• Getting to Green

    An administrator pushes, on a shoestring budget, to move his university and the world toward a more sustainable equilibrium.


Green business travel (?)

Before I came to work at Greenback, I used to travel on business quite a lot. Never much cared for it, and was happy to give it up.

February 19, 2010

Before I came to work at Greenback, I used to travel on business quite a lot. Never much cared for it, and was happy to give it up.

Or, at least, to give it up as much as I could. Working for a University, it's pretty much a requirement to go to the occasional conference. Sometimes you present, sometimes you just sit and listen, but pretty much every time you meet people you wouldn't otherwise get to know. And, in a field which evolves as rapidly as "sustainable practices" does, those folks almost always know something you haven't yet had the opportunity (or the need) to figure out for yourself, yet.

My wife. is also in a field where occasional conference attendance is a necessity. Unlike me, she has little opportunity to pick and choose. Sometimes, a conference is the only one of its kind in a particular year. And on occasion, she'll get told flat out by her granting agency that attendance is mandatory.

Mrs. R. was recently required to attend a conference in mid-town Manhattan. It was a 2-day affair, so the best she could do was to stay over only one night in a hotel. She reports that the (major chain) hotel room was too big (although not as big as in some other cities) and over-heated. She also reports spending $30.00 to get a burger and fries for dinner.

Now, I'm not adverse to spending $30.00 on dinner when I travel, but I do try to get something healthier than a burger and fries for my money. And I recognize that mid-town Manhattan isn't Backboro. (Around here, you typically get a very nice three-course meal for that price.) But I was struck by the fact that, given her meeting location, she really didn't seem to have a lot of better options. A consumption level higher than necessary or even desired was (as far as she could determine) the only game in town.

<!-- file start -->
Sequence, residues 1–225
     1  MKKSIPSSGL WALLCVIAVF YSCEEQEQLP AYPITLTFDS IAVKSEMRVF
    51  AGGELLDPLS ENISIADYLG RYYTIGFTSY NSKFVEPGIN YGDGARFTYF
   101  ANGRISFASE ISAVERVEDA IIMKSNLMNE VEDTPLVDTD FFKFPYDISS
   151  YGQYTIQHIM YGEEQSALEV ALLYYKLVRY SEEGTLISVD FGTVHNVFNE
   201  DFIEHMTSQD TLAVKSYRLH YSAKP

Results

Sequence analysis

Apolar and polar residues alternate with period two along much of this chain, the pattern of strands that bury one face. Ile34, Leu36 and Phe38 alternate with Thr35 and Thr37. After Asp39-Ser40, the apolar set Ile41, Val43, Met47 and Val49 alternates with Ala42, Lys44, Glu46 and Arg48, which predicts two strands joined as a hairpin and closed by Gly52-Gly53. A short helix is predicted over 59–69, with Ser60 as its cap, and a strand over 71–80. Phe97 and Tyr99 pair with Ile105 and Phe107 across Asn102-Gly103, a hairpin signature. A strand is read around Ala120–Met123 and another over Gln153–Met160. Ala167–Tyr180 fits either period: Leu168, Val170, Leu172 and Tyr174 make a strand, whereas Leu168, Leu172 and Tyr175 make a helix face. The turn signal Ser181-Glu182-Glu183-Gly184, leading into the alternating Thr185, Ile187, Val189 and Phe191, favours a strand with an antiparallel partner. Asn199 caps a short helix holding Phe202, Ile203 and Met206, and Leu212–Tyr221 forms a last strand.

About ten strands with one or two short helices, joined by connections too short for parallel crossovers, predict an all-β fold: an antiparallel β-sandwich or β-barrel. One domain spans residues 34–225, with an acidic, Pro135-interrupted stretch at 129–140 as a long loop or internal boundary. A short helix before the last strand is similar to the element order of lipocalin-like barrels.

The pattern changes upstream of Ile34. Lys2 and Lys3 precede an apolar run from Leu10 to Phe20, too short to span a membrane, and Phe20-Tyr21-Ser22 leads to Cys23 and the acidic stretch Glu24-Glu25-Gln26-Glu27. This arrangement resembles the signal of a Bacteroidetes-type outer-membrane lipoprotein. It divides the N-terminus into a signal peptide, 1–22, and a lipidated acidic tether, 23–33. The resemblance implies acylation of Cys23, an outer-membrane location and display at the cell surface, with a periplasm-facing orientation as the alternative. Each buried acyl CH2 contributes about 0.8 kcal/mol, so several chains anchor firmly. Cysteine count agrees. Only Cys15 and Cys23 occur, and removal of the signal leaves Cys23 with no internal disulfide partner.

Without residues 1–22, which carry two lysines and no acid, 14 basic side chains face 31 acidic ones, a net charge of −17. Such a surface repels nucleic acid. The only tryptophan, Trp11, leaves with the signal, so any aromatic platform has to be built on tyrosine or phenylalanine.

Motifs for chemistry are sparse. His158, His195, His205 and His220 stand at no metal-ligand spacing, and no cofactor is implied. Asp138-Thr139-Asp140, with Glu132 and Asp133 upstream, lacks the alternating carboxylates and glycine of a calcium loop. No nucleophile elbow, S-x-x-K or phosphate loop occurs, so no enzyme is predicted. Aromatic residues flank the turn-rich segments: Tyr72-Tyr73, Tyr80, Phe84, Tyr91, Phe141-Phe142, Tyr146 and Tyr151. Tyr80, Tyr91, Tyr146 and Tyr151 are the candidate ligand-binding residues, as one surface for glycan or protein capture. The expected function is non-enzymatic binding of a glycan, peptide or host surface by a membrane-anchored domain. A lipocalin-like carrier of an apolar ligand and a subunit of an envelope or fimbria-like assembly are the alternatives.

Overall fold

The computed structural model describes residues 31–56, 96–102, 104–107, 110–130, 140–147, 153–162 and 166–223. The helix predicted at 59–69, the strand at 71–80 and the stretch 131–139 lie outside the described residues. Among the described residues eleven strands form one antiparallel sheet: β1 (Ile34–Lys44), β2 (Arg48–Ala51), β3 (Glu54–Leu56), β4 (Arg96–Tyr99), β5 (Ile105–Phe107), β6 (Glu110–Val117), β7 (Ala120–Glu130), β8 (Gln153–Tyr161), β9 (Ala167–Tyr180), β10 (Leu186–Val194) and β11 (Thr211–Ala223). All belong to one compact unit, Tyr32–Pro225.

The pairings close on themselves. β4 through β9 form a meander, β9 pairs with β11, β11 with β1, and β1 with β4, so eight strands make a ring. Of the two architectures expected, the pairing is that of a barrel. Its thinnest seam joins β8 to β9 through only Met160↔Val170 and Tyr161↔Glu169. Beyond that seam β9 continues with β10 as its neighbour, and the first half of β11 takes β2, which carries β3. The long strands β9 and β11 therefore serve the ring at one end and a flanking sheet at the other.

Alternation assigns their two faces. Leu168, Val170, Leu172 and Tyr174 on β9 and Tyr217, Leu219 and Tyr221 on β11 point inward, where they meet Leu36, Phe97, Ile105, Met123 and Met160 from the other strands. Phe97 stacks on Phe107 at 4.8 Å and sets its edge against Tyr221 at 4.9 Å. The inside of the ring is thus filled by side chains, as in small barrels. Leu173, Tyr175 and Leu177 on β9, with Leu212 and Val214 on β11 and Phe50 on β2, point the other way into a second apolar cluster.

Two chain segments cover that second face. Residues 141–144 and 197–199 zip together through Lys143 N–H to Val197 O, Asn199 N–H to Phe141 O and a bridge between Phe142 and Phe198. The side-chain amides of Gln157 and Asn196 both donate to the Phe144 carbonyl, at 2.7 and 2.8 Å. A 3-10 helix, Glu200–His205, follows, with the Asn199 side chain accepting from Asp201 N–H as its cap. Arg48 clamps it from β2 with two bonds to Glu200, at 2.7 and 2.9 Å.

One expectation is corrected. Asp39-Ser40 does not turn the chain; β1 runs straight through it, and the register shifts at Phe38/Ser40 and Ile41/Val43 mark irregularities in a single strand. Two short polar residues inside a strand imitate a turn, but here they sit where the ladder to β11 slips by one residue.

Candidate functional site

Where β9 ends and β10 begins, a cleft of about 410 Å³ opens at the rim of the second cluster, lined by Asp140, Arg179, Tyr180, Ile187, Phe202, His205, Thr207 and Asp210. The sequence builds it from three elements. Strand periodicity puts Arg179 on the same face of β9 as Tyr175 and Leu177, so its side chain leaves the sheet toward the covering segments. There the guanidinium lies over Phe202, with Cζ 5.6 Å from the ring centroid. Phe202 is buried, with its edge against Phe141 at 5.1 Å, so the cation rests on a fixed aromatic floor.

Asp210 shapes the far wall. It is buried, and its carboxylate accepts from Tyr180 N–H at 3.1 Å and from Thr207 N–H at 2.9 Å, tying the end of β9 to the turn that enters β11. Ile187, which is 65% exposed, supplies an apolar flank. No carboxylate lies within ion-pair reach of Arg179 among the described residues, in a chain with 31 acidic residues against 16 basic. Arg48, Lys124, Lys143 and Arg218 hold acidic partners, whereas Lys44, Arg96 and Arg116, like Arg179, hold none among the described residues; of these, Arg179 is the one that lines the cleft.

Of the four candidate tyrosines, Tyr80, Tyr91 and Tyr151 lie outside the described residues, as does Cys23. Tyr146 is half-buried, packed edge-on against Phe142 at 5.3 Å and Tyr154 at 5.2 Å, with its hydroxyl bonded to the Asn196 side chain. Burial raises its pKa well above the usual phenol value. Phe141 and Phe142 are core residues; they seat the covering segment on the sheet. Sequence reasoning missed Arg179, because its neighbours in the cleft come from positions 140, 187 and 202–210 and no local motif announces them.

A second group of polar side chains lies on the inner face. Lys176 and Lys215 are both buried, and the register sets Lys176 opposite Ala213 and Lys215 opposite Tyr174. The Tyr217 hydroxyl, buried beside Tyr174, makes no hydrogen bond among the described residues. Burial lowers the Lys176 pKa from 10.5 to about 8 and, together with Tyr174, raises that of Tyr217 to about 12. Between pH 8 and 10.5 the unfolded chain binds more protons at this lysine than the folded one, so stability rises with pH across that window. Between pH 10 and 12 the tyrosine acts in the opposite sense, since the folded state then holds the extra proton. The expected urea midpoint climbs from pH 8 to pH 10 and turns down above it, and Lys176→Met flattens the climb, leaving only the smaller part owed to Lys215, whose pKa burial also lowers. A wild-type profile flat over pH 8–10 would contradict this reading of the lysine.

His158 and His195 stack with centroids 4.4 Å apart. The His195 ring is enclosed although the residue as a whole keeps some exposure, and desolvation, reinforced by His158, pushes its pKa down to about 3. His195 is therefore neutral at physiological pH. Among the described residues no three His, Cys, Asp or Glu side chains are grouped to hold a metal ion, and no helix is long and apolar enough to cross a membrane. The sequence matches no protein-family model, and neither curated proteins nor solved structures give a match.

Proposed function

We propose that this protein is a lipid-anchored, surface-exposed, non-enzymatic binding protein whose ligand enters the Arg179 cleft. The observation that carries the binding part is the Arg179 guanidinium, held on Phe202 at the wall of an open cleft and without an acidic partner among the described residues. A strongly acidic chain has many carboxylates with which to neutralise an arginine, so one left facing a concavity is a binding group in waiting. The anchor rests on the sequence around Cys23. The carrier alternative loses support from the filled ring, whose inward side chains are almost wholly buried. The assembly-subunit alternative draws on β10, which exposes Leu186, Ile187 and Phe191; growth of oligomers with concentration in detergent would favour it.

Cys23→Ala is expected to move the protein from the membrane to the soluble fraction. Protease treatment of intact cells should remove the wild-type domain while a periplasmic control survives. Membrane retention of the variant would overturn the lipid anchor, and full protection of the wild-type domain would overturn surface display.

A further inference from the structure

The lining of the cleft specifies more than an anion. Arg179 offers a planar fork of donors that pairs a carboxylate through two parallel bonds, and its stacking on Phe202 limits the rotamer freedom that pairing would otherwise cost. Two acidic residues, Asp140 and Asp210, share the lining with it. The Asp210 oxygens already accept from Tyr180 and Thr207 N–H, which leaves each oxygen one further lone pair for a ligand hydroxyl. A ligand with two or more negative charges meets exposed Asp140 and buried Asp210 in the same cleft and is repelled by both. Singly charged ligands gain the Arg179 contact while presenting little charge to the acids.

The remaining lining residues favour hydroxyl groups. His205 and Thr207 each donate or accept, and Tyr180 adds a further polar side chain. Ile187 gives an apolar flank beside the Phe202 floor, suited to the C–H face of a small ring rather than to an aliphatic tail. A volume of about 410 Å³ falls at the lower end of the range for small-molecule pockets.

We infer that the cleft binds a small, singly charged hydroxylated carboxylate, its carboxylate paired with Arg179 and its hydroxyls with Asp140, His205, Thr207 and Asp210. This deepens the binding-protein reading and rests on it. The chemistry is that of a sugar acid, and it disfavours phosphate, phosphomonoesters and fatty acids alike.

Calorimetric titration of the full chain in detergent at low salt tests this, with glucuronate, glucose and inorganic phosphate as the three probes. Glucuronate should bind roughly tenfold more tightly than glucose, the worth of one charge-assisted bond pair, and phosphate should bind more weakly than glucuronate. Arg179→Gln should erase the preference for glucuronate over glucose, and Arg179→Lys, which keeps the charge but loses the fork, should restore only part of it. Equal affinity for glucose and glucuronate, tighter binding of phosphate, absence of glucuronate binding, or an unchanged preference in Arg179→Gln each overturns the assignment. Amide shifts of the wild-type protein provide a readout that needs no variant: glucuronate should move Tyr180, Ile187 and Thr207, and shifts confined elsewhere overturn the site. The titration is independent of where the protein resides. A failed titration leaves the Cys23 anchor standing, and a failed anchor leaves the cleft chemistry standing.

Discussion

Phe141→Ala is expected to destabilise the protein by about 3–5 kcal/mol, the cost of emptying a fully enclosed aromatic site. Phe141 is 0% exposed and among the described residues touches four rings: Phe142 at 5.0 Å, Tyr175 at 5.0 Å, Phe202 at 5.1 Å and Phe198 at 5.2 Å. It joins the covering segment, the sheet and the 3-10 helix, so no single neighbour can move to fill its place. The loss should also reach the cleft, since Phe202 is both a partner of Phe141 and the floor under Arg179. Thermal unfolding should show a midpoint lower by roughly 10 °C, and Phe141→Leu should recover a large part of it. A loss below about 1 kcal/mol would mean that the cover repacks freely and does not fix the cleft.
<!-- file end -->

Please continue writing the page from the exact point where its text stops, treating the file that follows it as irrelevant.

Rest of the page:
So casting my mind back to my days on the road, I got to wondering -- is there a market niche for travelers who want to be as green as possible? (That's a different question from whether there's a niche serving travelers who want to be told they're behaving sustainably and are willing to spend luxury prices for the privilege.) And since modest rooms at modest prices are fairly available at the metropolitan perimeter, this question pretty much refers to center-city sorts of locations.

In many cities, if I have sufficient time to plan, I can find a small -- usually, older -- hotel in a slightly less fashionable part of town where the room is smaller, the HVAC more modest, and the surrounding restaurants frequented by locals not on expense accounts. But what if my planning time is short? What if I need to be in (or to be able quickly and reliably and efficiently to get to) a high-rent location? What if it's a city with which I'm unfamiliar?

It would just seem to me that a chain of something along the lines of the commercial hotels of a half-century ago -- less posh than today's major chains, but operating on maybe two-thirds the energy per overnight stay, still conveniently located, and providing access to healthy meals realistically priced -- could do a land-office business. Corporate/government bean-counters would certainly approve, small entrepreneurs might go for it in a big way, sustainability offices would try to get it written into travel policies. And "sleep green" might even turn out to be a successful marketing approach.

"It's not just cheap, it's more sustainable." Has a nice sort of ring to it (or am I nuts?).

PS to anyone who has done a lot of business travel recently -- does such an option already exist?


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